• Speaking of time, here is the most important advice I have to offer. Unlike the CLD (which I finished in 2.5 hours), I was severely time-crunched on the CLA. To give you an idea how time-crunched I was, I realized when I had 45 minutes left that I still had about 2 hours worth of coding to do. Oops! It turns out that I did not heed the advice given in the CLA prep guide, which was that I was not supposed to write a fully-functional application! This is very, very good advice. The application specifications given in the CLA for a functional application would be relatively easy for me to about 6 hours. Unfortunately, I had 2.5 hours to write code for the CLA. And as I so often do when I write LabVIEW code, I got into "the zone", where I started writing lots of subVIs to implement specific, non-essential details of the application, before I had fully completed the overall architecture. When you take the CLA, do not do this! Focus on the architectural patterns, focus on the design for your plugins, focus on the data sharing mechanisms you use, but do not just start fully implementing non-essential subVIs! For example, I spent about 30 minutes writing a nifty little algorithm for part of my plug-in architecture. This was a bad idea. What I *should* have done was write the interface for the VI (i.e. the conpane and typedefs), and included a 1-2 sentence comment on the diagram describing how the algorithm would work. Now thankfully, I'm a pretty fast coder, so once I realized I was running out of time, I kicked it into hyperdrive and got some code written that (apparently) was passable. But I wouldn't wish that 45 minutes worth of monumental stress on anybody! Not even a text-based programmer!
So in summary, if you're taking the CLA, good luck! Make sure you've actually architected something in LabVIEW before. The LabVIEW Advanced course has some good stuff in it if you're looking to go that extra mile in preparation. And above all, your application architecture should trump any coding details you may be tempted to implement. Trust me on that...


  1. Darren,

    Thanks for taking the time to put this together! I'm taking notes...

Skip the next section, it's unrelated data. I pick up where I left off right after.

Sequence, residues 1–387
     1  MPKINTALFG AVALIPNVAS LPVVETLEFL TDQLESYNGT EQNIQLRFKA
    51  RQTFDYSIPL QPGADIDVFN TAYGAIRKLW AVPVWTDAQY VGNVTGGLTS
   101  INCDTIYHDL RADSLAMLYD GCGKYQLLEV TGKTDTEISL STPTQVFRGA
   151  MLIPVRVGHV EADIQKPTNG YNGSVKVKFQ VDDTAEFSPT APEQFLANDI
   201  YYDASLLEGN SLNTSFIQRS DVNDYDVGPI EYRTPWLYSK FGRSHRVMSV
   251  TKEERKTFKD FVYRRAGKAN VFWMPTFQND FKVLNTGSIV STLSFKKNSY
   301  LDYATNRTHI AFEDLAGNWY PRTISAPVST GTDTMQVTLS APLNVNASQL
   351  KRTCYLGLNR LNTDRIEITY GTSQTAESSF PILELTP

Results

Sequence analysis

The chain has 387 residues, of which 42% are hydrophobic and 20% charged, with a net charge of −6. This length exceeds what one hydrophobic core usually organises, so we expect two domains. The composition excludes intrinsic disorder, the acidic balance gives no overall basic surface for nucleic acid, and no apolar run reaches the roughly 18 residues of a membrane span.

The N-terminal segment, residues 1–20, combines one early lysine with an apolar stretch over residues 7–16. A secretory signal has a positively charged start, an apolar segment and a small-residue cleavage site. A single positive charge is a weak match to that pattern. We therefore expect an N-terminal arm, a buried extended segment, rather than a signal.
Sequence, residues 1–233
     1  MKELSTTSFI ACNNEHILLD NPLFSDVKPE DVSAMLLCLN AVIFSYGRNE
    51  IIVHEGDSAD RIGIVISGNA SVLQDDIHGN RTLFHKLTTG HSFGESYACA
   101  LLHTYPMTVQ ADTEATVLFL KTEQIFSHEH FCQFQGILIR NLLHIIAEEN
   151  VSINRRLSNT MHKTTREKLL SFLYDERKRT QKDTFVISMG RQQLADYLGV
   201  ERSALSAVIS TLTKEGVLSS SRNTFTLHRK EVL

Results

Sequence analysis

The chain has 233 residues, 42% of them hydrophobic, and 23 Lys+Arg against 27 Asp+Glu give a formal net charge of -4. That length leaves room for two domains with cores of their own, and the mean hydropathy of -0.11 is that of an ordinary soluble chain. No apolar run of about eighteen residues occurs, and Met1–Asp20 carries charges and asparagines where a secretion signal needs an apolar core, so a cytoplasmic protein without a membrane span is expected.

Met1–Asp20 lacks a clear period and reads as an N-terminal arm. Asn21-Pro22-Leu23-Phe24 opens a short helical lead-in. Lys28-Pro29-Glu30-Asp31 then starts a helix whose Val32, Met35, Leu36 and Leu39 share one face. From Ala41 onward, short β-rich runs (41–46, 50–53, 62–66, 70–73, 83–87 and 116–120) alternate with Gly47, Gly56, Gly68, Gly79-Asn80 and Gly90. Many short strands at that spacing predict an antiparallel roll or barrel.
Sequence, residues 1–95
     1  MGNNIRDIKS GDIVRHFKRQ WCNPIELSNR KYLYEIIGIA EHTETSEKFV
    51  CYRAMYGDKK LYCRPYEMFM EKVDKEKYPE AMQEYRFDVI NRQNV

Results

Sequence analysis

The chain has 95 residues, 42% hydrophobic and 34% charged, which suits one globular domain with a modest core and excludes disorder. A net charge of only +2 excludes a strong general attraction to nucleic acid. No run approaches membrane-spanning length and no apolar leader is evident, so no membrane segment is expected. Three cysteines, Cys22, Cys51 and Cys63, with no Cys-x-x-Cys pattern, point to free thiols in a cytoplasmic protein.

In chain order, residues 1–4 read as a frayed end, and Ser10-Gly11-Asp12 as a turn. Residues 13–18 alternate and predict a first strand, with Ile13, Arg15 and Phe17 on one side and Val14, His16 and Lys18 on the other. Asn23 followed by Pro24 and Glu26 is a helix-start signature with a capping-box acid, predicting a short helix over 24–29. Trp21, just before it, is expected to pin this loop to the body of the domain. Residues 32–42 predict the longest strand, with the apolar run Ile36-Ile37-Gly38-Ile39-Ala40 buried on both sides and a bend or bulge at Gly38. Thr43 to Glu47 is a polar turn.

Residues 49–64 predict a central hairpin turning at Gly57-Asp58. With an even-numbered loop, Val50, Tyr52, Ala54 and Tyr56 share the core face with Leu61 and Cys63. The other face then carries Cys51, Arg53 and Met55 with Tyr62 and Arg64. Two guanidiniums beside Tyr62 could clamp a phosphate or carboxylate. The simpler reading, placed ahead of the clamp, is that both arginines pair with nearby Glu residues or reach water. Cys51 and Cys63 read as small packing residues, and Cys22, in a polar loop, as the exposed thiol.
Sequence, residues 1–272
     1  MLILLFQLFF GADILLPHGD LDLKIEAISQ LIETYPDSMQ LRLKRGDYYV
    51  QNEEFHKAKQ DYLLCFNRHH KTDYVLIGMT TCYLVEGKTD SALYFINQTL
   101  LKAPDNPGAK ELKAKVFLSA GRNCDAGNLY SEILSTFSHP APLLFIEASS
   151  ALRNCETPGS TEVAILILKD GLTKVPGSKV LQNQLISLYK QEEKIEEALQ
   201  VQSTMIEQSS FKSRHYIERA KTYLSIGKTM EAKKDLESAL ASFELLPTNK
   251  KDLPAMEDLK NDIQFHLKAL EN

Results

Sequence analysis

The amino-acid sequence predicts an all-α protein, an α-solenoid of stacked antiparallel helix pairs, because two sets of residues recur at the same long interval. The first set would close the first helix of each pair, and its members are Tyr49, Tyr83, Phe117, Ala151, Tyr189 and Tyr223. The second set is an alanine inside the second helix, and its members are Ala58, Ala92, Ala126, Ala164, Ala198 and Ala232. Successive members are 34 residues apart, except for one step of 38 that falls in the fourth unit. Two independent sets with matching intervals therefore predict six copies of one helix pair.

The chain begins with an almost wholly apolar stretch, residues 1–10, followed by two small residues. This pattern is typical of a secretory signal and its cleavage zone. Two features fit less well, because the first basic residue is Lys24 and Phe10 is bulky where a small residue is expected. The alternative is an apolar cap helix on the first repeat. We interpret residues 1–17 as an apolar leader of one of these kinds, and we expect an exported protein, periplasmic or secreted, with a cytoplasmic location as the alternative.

Prep: read the exam preparation guide, take / read Advanced course
    During: watching the clock, provide short descriptive answers (fast), and architect not develop (fast).

    (also developing for 7 years... hope that's long enough! Anything you would recommend to master Requirements Gateway? Never used it... Most customer's don't seem to have a spec -- just a napkin and pen...)

  2. Hi Jason,

    I tried out Requirements Gateway very briefly a few years ago, but I do not currently use it for my requirements tracking. We have a pretty well-established process in LabVIEW R&D which ties our specifications and requirements to design reviews done with technical experts within the department.

  3. Hi D Natt,

    I wish you'd written that 5 months ago!!! ;)

    I myself had two cracks at the CLA exam, the first time narrowly failing, the second time passing. On the first attempt (June 2008), I studied the LabVIEW Advanced Course from 2006, which offered a lot of new, and at times confusing, ideas. My first attempt, I focused too much on programming, and didn't give enough weight to the written section.

    On the second, and successful attempt, I studied the 2008 version of the Advanced course, and I can safely say that this version was MUCH better! NI has simplified a lot of the concepts, and fine-tuned it substantially. The second time around, I also planned on your approach 1.5 hours for written and 2.5 hours for coding, which saw me in good stead.

    Either way, this is a good article, and I will be recommending it to colleagues as required reading before sitting the CLA!


  4. Darren,

    Spot-on advice I wish I'd had going in to the CLA exam during NIWeek 2007.

    I've been a LV developer since '97, passed the CLD easily in 2004, and though I've been pretty much a solo act throughout, I think I've developed decent instincts over the years in the SE area. Design patterns, source code control, etc. are all part of my daily existence.

    The failure at CLA still smarts. I didn't 'get' what they were looking for with some of the open-ended questions, and ran out of time trying to implement rather than architect...
    I may sit for the exam again someday, but it's not a job requirement, so I'm in no hurry.


  5. On the written portion of the exam. I highly recommend reviewing the Intermediate I manual. It may include some level of detail on the written portion that is not covered in the LabVIEW Advanced I course.

    (Am CLA and LV Adv Instructor for last 5+ years)